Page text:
Sports Journalism is a sub-division of journalism that covers sports events, figures and related issues. Its importance steadily grew in the 20th and 21st centuries, partly due to the commercialization of sports and the accessibility to sports television channels, Internet websites, and newspaper and magazine online editions.
By the end of the 20th century, most newspapers would devote several pages, or an entire section, to the coverage of sports news. There were also several daily newspapers devoted entirely to sport. These include La Gazzetta Dello Sport in Italy, Marca in Spain and L'Equipe in France. In the United States, magazines such as Sports Illustrated and the Sporting News engage a variety of readers. Television channels such as ESPN, Sky Sports and Eurosport also specialize in this field. Numerous websites provide news, live scores, videos and commentaries on a wide range of sports events.
This is a position far removed from the status of sports journalism in the early to mid-20th century, when it was regarded as trivial and not worthy of "serious" journalism. Yet sports journalism has a history as long as other forms of the craft: in England, the Sporting Chronicle newspaper was first published in 1822, its focus being horse racing. In 1893, Joseph Pulitzer created the first sports page in the New York World.
Like journalists in news, business or celebrity coverage, sports journalists spend their time previewing and reporting on events, writing longer features, conducting interviews and writing regular opinion columns. Many sports journalists specialise in one aspect of their craft, as a reporter, sports feature writer or columnist, with leading proponents securing staff positions or contracts worth millions of dollars each year, and regularly being hired as a guest expert to appear on sports radio or television programs.
There are two main objectives of interviews, which should be informative and present the public with as much detail as possible. The purpose of the interview may be entertaining, light-hearted or it may be confrontational and investigative. The latter is not only more difficult to conduct but can also influence the willingness of other sports figures to be interviewed by the same journalists. There are journalists that rely on that method of approach exclusively such as Jim Gray, whose aggressive questions have become a trademark. In 2010, Gray had an argument with American Ryder Cup captain Corey Pavin, who accused the journalist of misquoting him. Gray said he stood 100 percent by his story.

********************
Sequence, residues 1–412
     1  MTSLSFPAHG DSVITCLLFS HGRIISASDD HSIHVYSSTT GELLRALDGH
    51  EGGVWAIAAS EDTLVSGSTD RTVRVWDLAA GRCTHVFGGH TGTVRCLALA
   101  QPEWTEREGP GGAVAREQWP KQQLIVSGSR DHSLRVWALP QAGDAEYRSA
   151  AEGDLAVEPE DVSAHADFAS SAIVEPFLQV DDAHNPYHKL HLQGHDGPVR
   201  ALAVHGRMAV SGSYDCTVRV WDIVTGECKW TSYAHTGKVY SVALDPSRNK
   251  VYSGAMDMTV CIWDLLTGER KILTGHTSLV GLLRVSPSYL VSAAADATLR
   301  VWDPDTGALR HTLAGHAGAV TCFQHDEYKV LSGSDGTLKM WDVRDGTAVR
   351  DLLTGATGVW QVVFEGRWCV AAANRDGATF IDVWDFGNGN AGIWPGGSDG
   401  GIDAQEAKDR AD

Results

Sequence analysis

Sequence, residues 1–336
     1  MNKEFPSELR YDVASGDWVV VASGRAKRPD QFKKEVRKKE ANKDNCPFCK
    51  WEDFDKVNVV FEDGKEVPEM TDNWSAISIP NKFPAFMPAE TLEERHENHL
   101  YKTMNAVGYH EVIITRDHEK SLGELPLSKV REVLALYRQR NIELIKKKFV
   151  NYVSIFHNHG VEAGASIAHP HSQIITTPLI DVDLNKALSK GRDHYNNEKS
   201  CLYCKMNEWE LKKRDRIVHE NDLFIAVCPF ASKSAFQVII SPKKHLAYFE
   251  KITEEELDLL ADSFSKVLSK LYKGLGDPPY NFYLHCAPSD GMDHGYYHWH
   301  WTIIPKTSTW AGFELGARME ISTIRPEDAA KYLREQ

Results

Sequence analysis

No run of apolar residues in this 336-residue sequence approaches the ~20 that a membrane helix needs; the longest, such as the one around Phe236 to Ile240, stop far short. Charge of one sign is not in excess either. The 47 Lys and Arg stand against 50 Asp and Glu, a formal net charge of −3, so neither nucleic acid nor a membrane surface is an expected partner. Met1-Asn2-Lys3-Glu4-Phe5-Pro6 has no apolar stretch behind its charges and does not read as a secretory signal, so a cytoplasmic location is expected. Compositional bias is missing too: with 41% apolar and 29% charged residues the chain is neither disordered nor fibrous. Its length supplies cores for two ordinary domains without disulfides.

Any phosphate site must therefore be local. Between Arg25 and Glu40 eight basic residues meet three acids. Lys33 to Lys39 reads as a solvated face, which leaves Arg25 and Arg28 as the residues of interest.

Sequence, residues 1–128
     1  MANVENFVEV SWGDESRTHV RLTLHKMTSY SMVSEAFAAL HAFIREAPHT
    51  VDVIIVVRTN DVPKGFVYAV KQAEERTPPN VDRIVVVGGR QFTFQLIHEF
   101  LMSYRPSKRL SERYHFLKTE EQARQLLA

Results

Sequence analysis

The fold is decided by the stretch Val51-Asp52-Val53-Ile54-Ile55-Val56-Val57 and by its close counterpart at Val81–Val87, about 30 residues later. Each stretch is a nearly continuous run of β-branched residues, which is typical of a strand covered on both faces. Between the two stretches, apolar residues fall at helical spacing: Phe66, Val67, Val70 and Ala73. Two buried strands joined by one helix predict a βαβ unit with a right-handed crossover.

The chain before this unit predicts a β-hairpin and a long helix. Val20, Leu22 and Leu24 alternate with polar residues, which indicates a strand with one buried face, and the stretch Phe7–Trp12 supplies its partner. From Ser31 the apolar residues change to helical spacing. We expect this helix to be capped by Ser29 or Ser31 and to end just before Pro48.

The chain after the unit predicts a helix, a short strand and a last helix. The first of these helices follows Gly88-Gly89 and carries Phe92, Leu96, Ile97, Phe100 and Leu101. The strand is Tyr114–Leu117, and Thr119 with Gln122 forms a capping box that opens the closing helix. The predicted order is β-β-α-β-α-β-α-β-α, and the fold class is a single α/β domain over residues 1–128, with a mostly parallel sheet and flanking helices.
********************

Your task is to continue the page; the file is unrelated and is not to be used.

Sports journalists should take certain issues of ethics into consideration. The most important one is the conflict of interests, which is defined as compromising sports coverage because the media outlet is either involved or has some sort of interest. If a media outlet and a team have the same owner, this may be referred to as a conflict of interest. Another aspect of journalism ethics is rendering truth. Sports journalist should not exaggerate, diminish or distort facts in order to make their coverage more appealing to the public. They should try to avoid subjectivity or bias, unless it is explicitly stated that they are expressing personal opinion.
Most countries have their own associations of sports journalists, which deal with issues of facilities within sports stadia, accreditation requirements for their members, and ethics. The International Sports Press Association, known as AIPS, was formed in 1924 during the Olympic Games in Paris. AIPS claims more than 160 national sports journalism associations are affiliated to it. In Britain, the Sports Journalists' Association was formed in 1948 in London's Fleet Street. The organization says it has "endeavored to adapt and grow" to reflect the fast rate of change across its business and uses its website as a key communications tool for its members.